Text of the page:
Back in March when I decided to have an employee from my Japanese company stay here in Qingdao for three months (August to October), I searched for a suitable room for him to live in. Three months is too long to stay in a hotel, but not long enough to rent a room for a year. So, we eventually settled on a room in a large house about fifteen minutes from here by bus. The room had its own on-suite bathroom, and the common toilet was just next door. The location was good, and the price was reasonable: 1,500 RMB per month, plus 50 RMB a month for water and electricity. We had to pay a 500 RMB (non-returnable) deposit, but the remainder could be paid when he moved in, or one month at a time. As it was a large house with several tenants, the owner explained that he normally only gave tenants a key to their own room, and not one for the house itself. However, after we explained that it would be a Japanese person who spoke no Chinese, and that he would be returning home quite late some nights, the owner agreed that we could also have a key to the house. So, since all seemed OK, we paid the 500 RMB, and relaxed knowing that we just had to arrive on that day and pay the remaining 1,000 RMB of the first month’s rent, plus the first month’s 50 RMB for the water and electricity.
Of course, nothing could be that simple. On arriving at the house, we were shown to the room, and then came downstairs to pay the remainder of the first month’s rent and collect the key. However, in addition to being told that the rent was 1,800 RMB, not 1,500 RMB, and that the fee for water and electricity was 200 RMB, not 50 RMB, we were told that he didn’t want to give us a key to the house after all. After an hour of discussion, the owner agreed to whatever price and conditions were written on the receipt we had for the original deposit of 500 RMB. Unfortunately, since neither of us had the receipt with us, we agreed that my employee would stay there for the weekend, and that we would return on Monday with the receipt and settle the matter then. Since, we were confident that the original conditions were 1,500 RMB per month, we left reasonably confident that all would be settled the following Monday.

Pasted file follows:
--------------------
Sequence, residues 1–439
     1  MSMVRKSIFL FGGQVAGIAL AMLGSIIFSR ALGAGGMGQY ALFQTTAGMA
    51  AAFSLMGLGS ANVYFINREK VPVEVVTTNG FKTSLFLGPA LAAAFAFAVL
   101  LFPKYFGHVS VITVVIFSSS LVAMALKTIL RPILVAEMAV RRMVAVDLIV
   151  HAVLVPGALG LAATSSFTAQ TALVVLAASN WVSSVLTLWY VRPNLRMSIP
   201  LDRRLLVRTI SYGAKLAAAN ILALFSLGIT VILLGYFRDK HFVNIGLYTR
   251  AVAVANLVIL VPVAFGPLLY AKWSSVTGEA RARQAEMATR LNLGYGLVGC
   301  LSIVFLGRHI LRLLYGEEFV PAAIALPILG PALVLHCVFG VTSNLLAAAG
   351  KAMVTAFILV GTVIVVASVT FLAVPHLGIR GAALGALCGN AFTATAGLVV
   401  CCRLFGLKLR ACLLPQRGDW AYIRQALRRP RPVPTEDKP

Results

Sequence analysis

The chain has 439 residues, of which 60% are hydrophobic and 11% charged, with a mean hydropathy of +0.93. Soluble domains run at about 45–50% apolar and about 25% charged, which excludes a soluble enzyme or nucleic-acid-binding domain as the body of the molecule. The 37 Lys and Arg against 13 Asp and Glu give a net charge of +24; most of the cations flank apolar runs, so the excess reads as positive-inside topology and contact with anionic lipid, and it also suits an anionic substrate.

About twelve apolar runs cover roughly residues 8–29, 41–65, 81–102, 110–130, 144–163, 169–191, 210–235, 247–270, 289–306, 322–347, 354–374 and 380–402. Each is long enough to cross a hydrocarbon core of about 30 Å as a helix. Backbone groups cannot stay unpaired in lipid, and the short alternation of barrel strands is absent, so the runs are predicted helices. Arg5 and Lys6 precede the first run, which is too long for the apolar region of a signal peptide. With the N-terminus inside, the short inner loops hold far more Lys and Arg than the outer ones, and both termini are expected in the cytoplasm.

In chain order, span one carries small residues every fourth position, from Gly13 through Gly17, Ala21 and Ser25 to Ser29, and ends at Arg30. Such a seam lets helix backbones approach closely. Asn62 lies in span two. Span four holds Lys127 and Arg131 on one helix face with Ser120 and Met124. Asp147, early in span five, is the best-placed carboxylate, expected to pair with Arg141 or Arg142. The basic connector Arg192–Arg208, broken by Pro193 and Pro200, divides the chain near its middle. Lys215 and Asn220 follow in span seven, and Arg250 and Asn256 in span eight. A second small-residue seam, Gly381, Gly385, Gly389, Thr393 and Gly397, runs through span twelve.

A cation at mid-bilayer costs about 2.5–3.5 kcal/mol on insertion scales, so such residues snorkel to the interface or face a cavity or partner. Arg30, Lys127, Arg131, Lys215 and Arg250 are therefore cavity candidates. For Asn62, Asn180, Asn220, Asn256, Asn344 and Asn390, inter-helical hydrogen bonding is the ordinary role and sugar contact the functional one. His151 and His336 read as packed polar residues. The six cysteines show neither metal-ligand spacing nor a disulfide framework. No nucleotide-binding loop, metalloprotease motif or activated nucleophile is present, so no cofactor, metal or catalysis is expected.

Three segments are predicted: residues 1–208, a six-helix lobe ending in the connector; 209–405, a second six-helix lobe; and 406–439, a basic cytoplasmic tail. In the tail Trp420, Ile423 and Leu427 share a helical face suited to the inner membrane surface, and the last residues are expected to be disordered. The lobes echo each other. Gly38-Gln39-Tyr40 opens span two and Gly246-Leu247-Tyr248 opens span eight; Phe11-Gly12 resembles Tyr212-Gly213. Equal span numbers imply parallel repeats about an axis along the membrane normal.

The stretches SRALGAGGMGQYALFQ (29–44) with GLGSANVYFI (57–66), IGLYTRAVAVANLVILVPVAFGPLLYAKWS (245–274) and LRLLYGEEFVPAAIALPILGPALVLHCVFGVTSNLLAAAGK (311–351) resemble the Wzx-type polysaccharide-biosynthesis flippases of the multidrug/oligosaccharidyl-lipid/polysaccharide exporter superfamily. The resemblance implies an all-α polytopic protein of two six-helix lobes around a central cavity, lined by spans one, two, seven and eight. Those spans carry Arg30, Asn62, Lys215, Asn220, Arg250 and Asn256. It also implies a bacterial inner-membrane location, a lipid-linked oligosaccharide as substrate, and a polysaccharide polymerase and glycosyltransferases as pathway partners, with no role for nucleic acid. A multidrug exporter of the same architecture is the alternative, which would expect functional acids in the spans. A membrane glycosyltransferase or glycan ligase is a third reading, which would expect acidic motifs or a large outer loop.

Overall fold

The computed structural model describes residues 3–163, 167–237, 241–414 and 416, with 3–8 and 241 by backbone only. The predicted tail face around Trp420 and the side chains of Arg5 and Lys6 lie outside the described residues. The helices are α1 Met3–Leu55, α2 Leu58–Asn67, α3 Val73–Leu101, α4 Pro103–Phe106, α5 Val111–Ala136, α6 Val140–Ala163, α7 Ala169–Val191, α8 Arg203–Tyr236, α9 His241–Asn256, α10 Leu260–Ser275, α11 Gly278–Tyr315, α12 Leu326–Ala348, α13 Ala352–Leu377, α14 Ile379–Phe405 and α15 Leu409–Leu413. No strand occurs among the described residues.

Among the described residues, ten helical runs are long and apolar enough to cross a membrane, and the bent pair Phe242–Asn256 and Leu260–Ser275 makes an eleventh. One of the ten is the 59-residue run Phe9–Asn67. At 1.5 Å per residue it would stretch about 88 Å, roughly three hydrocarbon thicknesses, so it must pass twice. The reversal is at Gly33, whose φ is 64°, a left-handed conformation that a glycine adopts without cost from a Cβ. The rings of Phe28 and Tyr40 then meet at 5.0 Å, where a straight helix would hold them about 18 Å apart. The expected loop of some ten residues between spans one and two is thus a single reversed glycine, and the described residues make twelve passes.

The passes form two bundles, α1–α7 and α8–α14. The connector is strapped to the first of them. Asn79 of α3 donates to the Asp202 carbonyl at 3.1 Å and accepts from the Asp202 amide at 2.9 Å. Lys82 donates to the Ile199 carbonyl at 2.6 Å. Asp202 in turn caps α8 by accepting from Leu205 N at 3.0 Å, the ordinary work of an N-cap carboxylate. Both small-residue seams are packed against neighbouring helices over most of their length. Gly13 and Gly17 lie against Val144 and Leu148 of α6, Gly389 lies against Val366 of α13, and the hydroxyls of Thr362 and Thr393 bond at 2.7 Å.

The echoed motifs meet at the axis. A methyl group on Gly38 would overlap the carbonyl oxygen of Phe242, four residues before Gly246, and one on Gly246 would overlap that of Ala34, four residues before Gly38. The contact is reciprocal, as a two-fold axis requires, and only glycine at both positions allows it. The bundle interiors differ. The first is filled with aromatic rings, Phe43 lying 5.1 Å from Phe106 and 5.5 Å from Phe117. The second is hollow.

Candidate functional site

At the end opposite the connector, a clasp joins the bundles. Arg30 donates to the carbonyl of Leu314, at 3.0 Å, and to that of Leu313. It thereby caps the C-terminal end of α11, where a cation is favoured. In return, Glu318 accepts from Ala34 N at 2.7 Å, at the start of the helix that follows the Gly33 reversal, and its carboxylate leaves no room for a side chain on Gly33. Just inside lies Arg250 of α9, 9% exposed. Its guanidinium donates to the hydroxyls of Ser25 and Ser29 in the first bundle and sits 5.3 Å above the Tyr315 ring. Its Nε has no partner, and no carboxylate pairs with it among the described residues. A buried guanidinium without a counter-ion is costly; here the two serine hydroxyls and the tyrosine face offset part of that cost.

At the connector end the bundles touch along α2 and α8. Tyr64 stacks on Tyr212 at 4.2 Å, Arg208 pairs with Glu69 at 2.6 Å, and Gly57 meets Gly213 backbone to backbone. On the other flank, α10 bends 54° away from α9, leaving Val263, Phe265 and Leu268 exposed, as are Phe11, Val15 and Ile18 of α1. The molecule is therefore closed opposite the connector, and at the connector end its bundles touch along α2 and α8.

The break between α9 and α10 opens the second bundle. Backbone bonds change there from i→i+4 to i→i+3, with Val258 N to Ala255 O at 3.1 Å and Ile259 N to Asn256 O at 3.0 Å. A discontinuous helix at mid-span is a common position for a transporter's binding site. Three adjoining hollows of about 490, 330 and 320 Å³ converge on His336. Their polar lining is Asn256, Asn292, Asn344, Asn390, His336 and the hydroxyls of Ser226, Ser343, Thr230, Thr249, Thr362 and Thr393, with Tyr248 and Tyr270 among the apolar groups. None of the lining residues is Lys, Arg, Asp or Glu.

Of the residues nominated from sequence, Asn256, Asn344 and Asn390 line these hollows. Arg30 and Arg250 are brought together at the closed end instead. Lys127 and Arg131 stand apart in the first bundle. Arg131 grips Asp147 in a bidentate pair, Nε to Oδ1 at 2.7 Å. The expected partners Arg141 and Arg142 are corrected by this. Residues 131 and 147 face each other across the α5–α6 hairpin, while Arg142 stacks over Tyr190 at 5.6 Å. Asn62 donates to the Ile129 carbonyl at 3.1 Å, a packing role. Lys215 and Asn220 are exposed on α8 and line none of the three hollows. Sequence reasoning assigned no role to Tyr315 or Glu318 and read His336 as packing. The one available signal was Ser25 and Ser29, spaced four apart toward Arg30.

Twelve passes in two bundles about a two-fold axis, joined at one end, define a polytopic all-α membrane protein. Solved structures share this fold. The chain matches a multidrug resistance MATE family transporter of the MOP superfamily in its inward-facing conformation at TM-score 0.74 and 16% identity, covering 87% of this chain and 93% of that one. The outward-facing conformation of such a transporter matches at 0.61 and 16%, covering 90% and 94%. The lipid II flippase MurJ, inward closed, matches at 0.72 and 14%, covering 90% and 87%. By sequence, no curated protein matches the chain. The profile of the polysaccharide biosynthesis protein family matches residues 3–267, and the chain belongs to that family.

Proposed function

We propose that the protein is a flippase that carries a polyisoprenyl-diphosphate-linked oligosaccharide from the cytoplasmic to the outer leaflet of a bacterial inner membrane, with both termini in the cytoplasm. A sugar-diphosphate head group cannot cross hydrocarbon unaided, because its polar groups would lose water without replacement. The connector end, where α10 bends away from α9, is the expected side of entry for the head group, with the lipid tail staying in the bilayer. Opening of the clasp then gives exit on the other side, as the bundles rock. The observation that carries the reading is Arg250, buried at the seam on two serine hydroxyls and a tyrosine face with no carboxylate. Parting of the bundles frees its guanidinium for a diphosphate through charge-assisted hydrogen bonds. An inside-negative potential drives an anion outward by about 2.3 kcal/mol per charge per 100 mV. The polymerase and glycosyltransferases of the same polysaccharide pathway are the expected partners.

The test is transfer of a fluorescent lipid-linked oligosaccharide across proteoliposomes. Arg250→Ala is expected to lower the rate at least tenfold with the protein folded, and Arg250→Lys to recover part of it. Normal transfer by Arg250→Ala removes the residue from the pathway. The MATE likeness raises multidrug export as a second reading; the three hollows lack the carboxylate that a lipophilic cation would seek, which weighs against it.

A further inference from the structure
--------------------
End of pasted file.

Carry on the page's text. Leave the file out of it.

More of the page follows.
Again, not so simple: When a member of my staff went to visit him with the receipt for the deposit, which clearly stated 1,500 RMB + 50 RMB, the owner said that he would accept that the rent was 1,500 RMB a month but that, since it was now summer and the air conditioners would be used a lot, the electricity fee needed to be 200 RMB a month. The is hard to accept as an excuse as the receipt also clearly states that he would be staying there from August to October, and I’m sure the owner could have guessed that it would be summer.
The owner also demanded that the three months be paid in advance, and that a further one month’s deposit (returnable on leaving if nothing is broken) be paid. This raised the total amount of cash to be handed over from 4,650 RMB to 6,600 RMB. A 42% increase! As for the chances of getting any of the deposit back, or not having hidden extras come to light a few days later . . .
It seemed like time to search for a new room.
As if that wasn’t enough, the owner (landlord) started giving us numerous reasons not to stay there. They started with the fact that the other tenants were all Chinese and that they typically didn’t clean up after themselves so the common areas may not be hygienic, and ended with him explaining that since his grandfather had been killed by Japanese troops in WW2, his father was against the idea of a Japanese person staying in the house.
Over the weekend we found and signed a contract for another room. It is closer to the company, has great landlords (an elderly couple), and only costs 1,200 RMB a month.
So, my employee only spent four nights in the first room (Friday to Monday) and moved into the new room on Tuesday, where he is now living happily.